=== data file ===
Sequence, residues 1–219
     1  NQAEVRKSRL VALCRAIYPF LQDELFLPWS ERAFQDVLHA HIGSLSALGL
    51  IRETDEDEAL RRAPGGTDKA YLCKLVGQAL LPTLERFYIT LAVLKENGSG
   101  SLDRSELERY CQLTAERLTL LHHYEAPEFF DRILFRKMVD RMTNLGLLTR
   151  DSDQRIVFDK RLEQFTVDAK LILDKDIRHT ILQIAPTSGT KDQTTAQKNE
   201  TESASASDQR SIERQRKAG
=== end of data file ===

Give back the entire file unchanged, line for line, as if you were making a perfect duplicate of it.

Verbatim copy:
Sequence, residues 1–219
     1  NQAEVRKSRL VALCRAIYPF LQDELFLPWS ERAFQDVLHA HIGSLSALGL
    51  IRETDEDEAL RRAPGGTDKA YLCKLVGQAL LPTLERFYIT LAVLKENGSG
   101  SLDRSELERY CQLTAERLTL LHHYEAPEFF DRILFRKMVD RMTNLGLLTR
   151  DSDQRIVFDK RLEQFTVDAK LILDKDIRHT ILQIAPTSGT KDQTTAQKNE
   201  TESASASDQR SIERQRKAG